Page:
From January to April, the Belkin's Outdoor Screen sets a number of works in relation to one another, drawing associations between the exhibition Laiwan: Traces, Erasures, Resists in the gallery, the longterm artist's residency in the Outdoor Art program and the affinities to be found with research partners on campus.[more]
The following are resources related to the artists in Laiwan: Traces, Erasures, Resists. This list is not exhaustive, but rather comprised of suggested readings compiled by researchers at the Belkin. These readings are intended to provide additional context for the exhibition and act as springboards for further research or questions stemming from the exhibition, artist and works involved. Following the introduction, resources are arranged along the themes of traces, erases and resists as explored through and adjacently to Laiwan’s work. This compilation is an evolving and growing list, so check back in the future for more additions.[more]
Laiwan writes, "Begun in 1987 investigating the questions, What is an image? What is a photograph?, she who had scanned the flower of the world... is an ongoing project where I collect flowers from the city I am showing in, placing the petals into slide mounts."[more]
How do we respond to archives both public and private? In this come-and-go event, artists Laiwan, Elizabeth MacKenzie and Cindy Mochizuki respond to artist Christine D'Onofrio's online project, Intuition Commons and the Belkin Gallery's Archive. The activities are open for viewing, listening and conversations throughout the event. Light refreshments will be served.[more]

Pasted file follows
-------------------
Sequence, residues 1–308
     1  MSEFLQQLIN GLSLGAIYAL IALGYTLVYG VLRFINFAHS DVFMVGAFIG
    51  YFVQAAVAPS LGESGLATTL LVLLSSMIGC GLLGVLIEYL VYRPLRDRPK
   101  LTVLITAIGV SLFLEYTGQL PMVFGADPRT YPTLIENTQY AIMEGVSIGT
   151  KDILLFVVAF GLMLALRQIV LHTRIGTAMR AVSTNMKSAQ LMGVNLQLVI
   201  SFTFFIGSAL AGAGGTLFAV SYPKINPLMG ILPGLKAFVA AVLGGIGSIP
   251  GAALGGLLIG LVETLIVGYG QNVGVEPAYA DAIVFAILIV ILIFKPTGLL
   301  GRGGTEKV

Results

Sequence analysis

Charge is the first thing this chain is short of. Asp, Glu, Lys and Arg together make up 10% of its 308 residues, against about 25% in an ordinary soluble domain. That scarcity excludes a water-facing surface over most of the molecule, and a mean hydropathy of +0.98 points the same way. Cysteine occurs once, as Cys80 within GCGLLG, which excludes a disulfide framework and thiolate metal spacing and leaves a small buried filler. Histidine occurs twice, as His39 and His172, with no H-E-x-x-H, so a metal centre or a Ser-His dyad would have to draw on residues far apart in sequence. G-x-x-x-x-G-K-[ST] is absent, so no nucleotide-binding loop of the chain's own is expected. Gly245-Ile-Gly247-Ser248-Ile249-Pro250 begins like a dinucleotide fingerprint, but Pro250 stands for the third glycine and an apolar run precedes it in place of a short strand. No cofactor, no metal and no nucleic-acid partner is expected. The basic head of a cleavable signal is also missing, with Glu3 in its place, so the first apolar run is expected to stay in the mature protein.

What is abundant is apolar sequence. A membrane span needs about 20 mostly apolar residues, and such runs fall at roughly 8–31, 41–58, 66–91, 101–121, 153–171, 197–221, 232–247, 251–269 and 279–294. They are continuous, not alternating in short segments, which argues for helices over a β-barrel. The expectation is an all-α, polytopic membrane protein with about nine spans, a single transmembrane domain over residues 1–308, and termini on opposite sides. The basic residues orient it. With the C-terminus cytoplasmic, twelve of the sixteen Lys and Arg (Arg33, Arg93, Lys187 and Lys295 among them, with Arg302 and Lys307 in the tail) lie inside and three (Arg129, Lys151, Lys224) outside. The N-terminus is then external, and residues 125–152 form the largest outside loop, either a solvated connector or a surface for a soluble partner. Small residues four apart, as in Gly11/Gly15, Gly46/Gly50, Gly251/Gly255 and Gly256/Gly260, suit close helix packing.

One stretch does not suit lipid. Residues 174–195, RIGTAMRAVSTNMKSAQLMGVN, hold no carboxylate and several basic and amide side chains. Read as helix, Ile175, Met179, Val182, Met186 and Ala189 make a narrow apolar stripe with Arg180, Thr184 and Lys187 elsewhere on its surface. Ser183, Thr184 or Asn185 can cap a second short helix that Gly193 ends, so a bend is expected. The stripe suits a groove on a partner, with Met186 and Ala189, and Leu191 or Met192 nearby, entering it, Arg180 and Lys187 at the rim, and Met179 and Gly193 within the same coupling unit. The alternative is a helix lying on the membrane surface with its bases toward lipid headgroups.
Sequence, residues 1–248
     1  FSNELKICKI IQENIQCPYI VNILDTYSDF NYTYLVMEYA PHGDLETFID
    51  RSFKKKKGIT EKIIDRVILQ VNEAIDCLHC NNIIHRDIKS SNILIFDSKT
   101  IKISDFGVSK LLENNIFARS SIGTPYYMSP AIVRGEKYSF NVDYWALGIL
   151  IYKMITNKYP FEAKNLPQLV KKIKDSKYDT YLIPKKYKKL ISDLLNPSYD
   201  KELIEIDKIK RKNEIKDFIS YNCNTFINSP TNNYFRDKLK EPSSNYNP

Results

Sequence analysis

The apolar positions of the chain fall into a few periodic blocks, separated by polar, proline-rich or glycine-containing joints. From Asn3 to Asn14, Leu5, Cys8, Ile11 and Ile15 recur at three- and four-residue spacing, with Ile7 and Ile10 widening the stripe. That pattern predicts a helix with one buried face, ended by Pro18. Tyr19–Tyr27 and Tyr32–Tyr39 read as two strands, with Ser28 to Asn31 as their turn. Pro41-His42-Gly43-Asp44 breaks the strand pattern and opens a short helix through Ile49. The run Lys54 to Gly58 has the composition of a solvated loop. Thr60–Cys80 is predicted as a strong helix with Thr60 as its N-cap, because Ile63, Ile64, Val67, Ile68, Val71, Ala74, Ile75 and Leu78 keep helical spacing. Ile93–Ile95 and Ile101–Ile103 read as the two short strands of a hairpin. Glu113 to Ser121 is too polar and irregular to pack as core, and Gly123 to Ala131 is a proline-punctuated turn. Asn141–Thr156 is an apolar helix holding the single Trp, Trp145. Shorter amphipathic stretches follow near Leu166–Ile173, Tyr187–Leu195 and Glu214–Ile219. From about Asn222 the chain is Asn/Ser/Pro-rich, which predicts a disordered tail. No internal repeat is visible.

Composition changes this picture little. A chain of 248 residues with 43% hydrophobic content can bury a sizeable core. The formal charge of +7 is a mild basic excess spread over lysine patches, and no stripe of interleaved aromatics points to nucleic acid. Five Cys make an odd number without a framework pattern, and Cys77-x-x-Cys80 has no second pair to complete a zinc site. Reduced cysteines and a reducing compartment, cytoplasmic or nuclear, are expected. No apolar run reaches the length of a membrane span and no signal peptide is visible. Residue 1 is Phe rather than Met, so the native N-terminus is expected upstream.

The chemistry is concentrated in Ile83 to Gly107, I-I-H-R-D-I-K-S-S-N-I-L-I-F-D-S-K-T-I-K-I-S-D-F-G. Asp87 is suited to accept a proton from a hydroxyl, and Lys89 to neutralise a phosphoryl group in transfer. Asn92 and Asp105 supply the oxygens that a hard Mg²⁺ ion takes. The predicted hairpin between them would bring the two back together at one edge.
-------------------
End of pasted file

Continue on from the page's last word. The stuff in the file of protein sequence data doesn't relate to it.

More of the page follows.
On January 17, Laiwan and curator Amy Kazymerchyk walked through the Belkin discussing their exhibition Laiwan: Traces, Erasures, Resists. The two touched on the latent traces, erasures and resists in the artistic and curatorial processes behind the exhibition. While the tour was to take place in front of a live audience, COVID-19 restrictions required that the conversation take place behind closed doors.[more]
Laiwan: Traces, Erasures, Resists highlights the artist’s attention to the material and symbolic vocabularies of print and lens-based media between 1980 and 2000, and features her early interventions into the logic of the book form and the ideology of historical and encyclopedic genres. Since the early 1980s, Laiwan has made a meaningful contribution to Vancouver’s cultural ecology through her participation with numerous queer, feminist, multicultural and visual art print publications. In addition to the audio-visual works, Traces, Erasures, Resists presents Laiwan’s archive of public writing and community interventions. In addition to showing these writings and works in the gallery, the Belkin includes here a selection of the artist's writings for the duration of the exhibition.[more]
African Notes Parts 1 and 2 are composed of photographs that Laiwan took on a trip home to her birthplace of Zimbabwe in 1982, two years after the country’s independence.[more]
Celebrate Family Day this year with a take-home art activity inspired by drawing techniques used by artist Laiwan in our current exhibition Laiwan: Traces, Erasures, Resists. Interested in learning more in person? Visit the Belkin for a short, kid-friendly tour that highlights two of the artist's works.[more]